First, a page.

Hiding from KP

Right arm around the wicket. A little rough. A dry pitch. And three deliveries. That was all it took for Nathan Lyon to look more dangerous than Ashton Agar. It also resulted in Alastair Cook being very nearly taken at slip. And most importantly of all, it showed that Lyon could effortlessly move Sky’s rev counter into the red. For those of you who’ve never seen it that reveals he gives it a rip.

After the next 11.3 overs, Lyon was still wicketless, but wicketless for 23 runs. England had barely scored off him. But Lyon hadn’t yet bowled to Kevin Pietersen. Lyon, not being a left armer, is not the sort of spinner that is supposed to trip up Pietersen. Really, any spinner can trip him up but more often they end up as puddles of damp mass at the bowling crease.

There is no way Lyon wouldn’t have known what was coming. He probably owns a TV. Pietersen was giving signs of his mood as well. He’d danced down the wicket to Shane Watson – to Lyon he might want to camp mid-pitch. He also had that Pietersen stride of completely arrogant ownership of every blade of grass beneath him.

The first ball Lyon delivered showed how unworried he was to face him. It was outside off stump, and Pietersen just yawned it to mid-on for a single.

The next over Lyon started around the wicket. If it had any impact on Pietersen, it was that it inspired him to make a wild west charge of dominance followed by a mishit of petulance. It went close enough to mid-on for the bowler to share knowing looks with people, but that was all.

By the third, Pietersen was ready to dine on Lyon. When Pietersen charges down the wicket he wants to score; when he stands in the crease and swings he scores. It wasn’t timed, or in any way poetic, but it did fly away to the rope. But Lyon wasn’t ready to be taken down just yet, and the next ball stopped Pietersen in his tracks. Later on he refused to be fed a decent ball and ran at Lyon, getting to it on the full, before only hitting it to midwicket for no run. Then he took a pause.

It was for a bit of excess dirt somewhere in the middle of the pitch that no offspinner would ever hit. But it wasn’t for the dirt. Pietersen wanted Lyon to wait, because Pietersen wanted Lyon to wait. He couldn’t have made it more clear he was in charge of the situation if he had hired a skywriter to write “KP” above the ground.

The next over began with an optimistic lbw shout by Lyon. Pietersen looked annoyed by the question. His response was to come down the wicket and crunch a six over long-on. The next ball went over long-off, an even better shot. Lyon was still holding on though, his next ball floated up again. Pietersen was confused by this, expecting the quick, short reply and he almost dragged it back on to his stumps as every limb he has did something different.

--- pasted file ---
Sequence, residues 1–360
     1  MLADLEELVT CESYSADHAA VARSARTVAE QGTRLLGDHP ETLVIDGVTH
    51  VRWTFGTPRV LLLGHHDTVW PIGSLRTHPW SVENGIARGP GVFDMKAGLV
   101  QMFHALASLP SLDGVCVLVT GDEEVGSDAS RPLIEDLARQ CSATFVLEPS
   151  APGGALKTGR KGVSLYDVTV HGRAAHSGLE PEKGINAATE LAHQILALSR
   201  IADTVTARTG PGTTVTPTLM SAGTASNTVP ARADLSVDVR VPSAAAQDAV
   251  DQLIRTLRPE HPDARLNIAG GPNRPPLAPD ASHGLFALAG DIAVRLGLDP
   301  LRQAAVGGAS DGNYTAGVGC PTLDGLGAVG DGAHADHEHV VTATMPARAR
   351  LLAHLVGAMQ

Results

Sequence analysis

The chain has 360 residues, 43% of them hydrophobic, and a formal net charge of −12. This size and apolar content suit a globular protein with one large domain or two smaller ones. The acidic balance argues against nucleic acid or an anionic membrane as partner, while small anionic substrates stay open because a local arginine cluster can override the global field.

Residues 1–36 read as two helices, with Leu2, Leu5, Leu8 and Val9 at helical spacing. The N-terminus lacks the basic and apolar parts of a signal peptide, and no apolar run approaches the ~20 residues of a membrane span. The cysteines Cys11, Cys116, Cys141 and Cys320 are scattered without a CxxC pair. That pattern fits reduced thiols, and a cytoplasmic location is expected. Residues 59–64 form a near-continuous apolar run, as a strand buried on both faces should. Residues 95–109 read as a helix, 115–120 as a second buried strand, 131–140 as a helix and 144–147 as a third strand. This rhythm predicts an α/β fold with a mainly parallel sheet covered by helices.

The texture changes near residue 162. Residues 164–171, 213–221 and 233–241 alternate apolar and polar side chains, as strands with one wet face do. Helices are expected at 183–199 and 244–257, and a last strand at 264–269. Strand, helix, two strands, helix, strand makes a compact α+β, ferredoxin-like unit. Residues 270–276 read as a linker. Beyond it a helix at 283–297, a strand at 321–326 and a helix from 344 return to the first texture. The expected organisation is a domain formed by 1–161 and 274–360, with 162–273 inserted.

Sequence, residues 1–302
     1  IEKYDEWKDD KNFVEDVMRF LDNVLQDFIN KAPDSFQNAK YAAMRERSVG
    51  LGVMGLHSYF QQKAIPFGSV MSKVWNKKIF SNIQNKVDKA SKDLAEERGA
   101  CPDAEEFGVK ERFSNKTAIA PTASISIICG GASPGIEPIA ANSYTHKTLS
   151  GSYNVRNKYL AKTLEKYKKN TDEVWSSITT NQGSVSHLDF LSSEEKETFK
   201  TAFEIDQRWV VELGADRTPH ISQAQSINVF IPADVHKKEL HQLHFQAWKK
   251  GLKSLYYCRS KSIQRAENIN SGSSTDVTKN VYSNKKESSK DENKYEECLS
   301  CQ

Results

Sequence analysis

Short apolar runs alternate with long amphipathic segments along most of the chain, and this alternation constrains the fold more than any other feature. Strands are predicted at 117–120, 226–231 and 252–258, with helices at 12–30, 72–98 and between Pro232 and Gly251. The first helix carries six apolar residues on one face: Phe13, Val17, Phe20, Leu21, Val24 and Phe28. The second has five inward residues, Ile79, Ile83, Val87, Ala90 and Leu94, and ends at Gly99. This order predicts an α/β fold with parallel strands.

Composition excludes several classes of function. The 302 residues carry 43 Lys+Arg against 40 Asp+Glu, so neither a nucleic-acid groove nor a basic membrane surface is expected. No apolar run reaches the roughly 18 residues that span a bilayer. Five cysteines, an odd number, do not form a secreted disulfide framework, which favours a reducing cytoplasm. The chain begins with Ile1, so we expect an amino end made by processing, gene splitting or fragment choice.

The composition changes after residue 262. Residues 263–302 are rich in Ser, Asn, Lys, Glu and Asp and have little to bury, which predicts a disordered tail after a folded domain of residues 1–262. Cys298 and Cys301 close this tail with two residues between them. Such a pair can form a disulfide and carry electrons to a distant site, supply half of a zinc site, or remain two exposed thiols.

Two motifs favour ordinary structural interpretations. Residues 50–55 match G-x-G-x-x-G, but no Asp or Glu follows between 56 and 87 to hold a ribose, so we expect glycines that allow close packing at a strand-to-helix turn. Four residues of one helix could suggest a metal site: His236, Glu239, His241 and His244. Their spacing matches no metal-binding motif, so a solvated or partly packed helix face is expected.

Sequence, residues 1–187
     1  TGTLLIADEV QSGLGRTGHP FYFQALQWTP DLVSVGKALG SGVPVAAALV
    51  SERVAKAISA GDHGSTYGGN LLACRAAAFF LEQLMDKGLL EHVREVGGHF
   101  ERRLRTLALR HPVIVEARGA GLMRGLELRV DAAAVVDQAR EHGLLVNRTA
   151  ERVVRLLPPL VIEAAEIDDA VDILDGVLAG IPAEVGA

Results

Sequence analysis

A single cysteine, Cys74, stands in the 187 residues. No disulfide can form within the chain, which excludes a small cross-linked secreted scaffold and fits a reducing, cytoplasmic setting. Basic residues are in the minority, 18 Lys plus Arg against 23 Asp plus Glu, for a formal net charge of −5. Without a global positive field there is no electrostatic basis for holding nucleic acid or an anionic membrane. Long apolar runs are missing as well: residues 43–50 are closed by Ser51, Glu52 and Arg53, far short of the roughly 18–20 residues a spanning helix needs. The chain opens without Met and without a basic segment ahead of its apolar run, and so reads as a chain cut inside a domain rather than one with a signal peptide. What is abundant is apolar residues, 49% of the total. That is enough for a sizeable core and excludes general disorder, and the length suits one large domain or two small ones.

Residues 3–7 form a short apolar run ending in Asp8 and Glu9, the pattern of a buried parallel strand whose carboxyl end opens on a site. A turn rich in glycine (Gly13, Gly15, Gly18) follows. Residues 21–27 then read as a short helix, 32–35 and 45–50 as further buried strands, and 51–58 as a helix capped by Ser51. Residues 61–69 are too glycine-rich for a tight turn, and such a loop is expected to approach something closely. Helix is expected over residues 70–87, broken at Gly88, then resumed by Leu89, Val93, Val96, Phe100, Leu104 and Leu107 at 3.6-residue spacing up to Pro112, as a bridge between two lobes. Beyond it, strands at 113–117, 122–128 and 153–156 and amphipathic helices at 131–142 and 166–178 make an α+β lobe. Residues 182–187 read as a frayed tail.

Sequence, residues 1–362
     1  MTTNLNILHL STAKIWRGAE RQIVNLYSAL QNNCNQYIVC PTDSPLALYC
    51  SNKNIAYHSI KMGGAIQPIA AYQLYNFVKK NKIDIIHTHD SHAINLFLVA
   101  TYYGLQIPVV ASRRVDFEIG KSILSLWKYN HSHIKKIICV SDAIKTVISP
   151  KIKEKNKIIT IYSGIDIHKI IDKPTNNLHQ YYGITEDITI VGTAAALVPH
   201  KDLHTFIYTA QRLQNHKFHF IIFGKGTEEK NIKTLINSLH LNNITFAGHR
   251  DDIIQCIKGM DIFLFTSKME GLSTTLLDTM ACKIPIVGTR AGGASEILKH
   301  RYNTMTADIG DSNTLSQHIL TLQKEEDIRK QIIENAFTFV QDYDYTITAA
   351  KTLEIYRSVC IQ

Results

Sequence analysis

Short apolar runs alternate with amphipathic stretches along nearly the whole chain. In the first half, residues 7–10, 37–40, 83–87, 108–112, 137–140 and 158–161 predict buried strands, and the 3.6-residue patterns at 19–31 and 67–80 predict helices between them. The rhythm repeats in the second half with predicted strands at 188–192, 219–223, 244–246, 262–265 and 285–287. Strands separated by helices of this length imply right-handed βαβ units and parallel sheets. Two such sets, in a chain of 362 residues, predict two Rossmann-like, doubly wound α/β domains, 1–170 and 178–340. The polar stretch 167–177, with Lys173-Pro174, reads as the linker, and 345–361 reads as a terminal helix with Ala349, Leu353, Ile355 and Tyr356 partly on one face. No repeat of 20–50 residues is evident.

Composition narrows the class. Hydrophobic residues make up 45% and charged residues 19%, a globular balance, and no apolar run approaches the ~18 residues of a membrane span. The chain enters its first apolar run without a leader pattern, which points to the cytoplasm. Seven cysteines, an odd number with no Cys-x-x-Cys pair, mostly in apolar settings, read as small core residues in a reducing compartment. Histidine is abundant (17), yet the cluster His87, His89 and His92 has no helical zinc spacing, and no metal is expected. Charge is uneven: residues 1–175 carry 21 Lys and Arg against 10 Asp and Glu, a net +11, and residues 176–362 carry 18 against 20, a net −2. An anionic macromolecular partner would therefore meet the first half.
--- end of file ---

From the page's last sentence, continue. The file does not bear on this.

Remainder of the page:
It wasn’t a real victory, maybe not even a moral one, not even morale saving. But when you’ve been hit for two straight sixes, even a four seems like a moment of respite. Lyon survived the over.

Next over Pietersen played Lyon’s first ball to mid-on so easily that it seemed like he could have down it blindfolded after been spun around four times. It brought Ian Bell on strike, who helped himself to a beautiful six. Clarke had seen enough, it was Lyon’s last over of that spell.

Pietersen was 55 when Lyon was taken off. He would make 113. And would face another ten balls from Lyon in that time.

During the 65-80 over mark is when your spinner most pays his way by resting your seamers for the new ball. Lyon bowled one over.

The treatment of Lyon wasn’t brutal in a Xavier Doherty kind of way. But that was only because he wasn’t kept there for Pietersen to feast on. Pietersen would have kept whacking Lyon as long as Lyon was in front of him.

Lyon is clearly the better spinner than Agar right now. But Clarke was allowed to hide him today. As Pietersen has learned is his dealings with the media, no one can hide forever. Today it was just 19 balls of Pietersen being Pietersen that send Lyon away from the crease. At some stage in this series, if Lyon is to be Australia’s spinner, he won’t be able to hide behind a few good revs and his seamers.

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One thought on “Hiding from KP

  1. Mayank Pahwa says:

    Its hard to imagine a spinner not getting any wickets on a turning track. Yes, he did bowl a few excellent deliveries but otherwise he looked a normal spinner. We must give Pieterson the credit but Lyon was nowhere near threatening him. Probably Steve Smith, with his leg cutters, is the best spinner that Australia have got right now. And, I fail to understand why Michael Clarke holds him back when he has the ability to pick up wickets. Hope Clarke doesn’t repeat that mistake again.

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